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Epson Stylus Photo PX710W – Wireless All-In-One Inkjet Review

Key Specifications

  • Review Price: £169.67

All-in-one printers aimed at the photo enthusiast are getting more and more sophisticated and Epson’s Stylus Photo PX710W has taken up the challenge laid down by the latest Canon and HP machines. It’s also taken up their large footprints.


The PX710W is a big, black beast, with nicely rounded lines and an inset scanner, which sits below the top of the control panel. The scanner top has an attractive matt finish, with high-gloss black dots and a gloss surround.


The control panel, which can be hinged up and locked in any of seven positions, though with a rather spongy feel, has a bright, 63mm LCD screen with a large bold square of nine navigation buttons to the right and two, specialist selection buttons to the left.


Further left is a four-way mode-selection button, a power button and one to bring forward the integral, powered CD/DVD tray. To the right of the navigation square is a large Start button and one to cancel print jobs.


At the bottom right of the front panel are twin memory card slots, one for CompactFlash cards, and a dual-function PictBridge and USB drive socket. The paper tray, which can take around 100 sheets of plain paper, has a second, photo tray integrated with it and you can leave both trays loaded with paper and switch between them through software.


The output tray is a telescopic affair, as is normal width Epson printers, but this one pulls out from behind a flip-down cover, which can be closed up when the printer is not in use. At the back are sockets for USB and Ethernet, but many purchasers will choose to use the wireless connection.


This is a six-ink printer and, unusually for Epson, all six cartridges plug into a stationery holder, which links to the piezoelectric head through flexible tubes. It only takes a moment to plug the cartridges in, though head alignment isn’t automatic and you have to enter numbers to pick the best samples from a print out.


The PX710W comes with drivers for Windows and OS X and linking for a wireless connection is very easy, using Epson’s firmware Wizard. Software installation, which includes a copy of Abbyy Finereader, is unusually slow, but at least you only have to do it once.

Do you know of any inkjet printers which can produce 40 pages per minute? We don’t and, despite Epson claims, this one is a good way short, unless you print very short documents in draft mode.


Our five-page text document took 45 seconds to complete, which is a speed of 6.67ppm and the 20-page document didn’t do a lot better, producing a speed of 7.41ppm. These speeds are quite respectable, when compared with the machine’s main rivals and it’s a shame Epson feels it has to exaggerate them.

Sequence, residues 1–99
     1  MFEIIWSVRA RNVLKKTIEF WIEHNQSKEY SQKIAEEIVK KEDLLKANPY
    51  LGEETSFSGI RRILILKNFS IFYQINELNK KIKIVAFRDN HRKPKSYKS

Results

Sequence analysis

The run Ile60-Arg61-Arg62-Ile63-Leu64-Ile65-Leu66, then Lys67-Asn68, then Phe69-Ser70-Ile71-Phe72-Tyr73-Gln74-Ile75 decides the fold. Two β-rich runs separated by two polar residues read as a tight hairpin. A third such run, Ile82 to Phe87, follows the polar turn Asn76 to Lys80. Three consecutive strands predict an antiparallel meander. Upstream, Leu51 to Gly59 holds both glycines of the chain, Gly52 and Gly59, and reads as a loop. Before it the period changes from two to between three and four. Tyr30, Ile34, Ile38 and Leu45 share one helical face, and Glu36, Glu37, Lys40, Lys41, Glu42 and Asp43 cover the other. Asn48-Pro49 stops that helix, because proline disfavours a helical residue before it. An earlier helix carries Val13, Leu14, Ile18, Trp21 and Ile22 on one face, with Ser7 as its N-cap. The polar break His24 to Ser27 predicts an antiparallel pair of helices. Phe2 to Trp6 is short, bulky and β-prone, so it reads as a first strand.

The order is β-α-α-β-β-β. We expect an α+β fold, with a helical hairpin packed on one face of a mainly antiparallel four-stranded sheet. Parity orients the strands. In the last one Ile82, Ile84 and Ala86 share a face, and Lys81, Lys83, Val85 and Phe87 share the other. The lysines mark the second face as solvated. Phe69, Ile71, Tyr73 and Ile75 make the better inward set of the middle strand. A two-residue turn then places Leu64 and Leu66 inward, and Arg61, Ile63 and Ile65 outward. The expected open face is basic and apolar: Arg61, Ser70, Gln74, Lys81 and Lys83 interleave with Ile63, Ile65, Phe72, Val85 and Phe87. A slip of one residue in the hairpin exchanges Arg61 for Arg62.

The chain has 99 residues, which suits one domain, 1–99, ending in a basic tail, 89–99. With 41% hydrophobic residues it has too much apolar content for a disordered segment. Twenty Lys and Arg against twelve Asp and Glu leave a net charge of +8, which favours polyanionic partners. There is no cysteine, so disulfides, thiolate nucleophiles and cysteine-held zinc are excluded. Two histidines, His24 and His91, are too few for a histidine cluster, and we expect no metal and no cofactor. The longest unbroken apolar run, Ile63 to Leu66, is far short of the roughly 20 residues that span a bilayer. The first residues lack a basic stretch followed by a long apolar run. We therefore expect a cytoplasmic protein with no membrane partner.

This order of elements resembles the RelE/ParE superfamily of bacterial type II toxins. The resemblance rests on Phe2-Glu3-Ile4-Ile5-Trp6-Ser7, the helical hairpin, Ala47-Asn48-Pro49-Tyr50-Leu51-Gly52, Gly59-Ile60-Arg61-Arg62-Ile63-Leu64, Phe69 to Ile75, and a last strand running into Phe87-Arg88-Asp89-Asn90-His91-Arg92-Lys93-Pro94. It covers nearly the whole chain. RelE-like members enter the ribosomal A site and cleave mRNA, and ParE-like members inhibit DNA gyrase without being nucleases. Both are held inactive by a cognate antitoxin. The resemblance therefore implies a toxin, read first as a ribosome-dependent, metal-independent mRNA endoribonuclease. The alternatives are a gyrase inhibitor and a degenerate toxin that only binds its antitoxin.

It doesn’t slow down a lot when you print colour, either, still managing 6ppm in our test and a single page colour photocopy completed in an impressive 19 seconds, almost twice as fast as some of its competitors.


Epson also claims the machine can produce a 15 x 10cm photo in 10 seconds. We didn’t see anything faster than 25 seconds, but then we didn’t try printing in draft mode – why would you want to print a photo on expensive photo paper in draft mode? 25 seconds is still better than print times from equivalent Canon and HP machines.


With Lexmark’s new Vizix print engine lifting the quality of its new all-in-ones, it’s left to Brother and Epson to fight it out for the poorest plain paper print ‘accolade’. Text quality from this Epson machine is better than from many of its previous inkjets and letter formation is much better than before. There’s also less visible feathering, but the problem now is that the text looks grey rather than black.


This is true of text on all-black print outs and those with colour components, but the colours themselves are relatively insipid, too. Text over colour registration is good, but a colour photocopy was quite a bit paler than the original.


Epson still does a great job with printing photos and there’s very little to complain about in the natural colours, sharp detail and smooth colour transitions in our samples.


With six cartridges to buy to keep the PX710W running, you might expect the running costs to be comparatively high but, as long as you go for the high yield ‘owl’ cartridges rather than Epson’s recommended ‘hummingbird’ set, you can get good economy.


We calculate an ISO black page to cost around 2.89p and an equivalent colour page should be available for 9.89p, both including 0.7p for paper. This is over 1p per page cheaper than Lexmark’s Prevail Pro S705 on black print and 0.3p on colour, though against the HP Photosmart Premium C309g, it’s over 1p more expensive for colour.


”’Verdict”’


There are many attractive features about this machine, including its low profile, easy wireless connection and well integrated CD and DVD print facility. It’s a quick printer and, although it’s not one of the best plain paper machines we’ve tested, it produces excellent photos.

Trusted Score


Score in detail

  • Print Speed 9
  • Features 9
  • Print Quality 8

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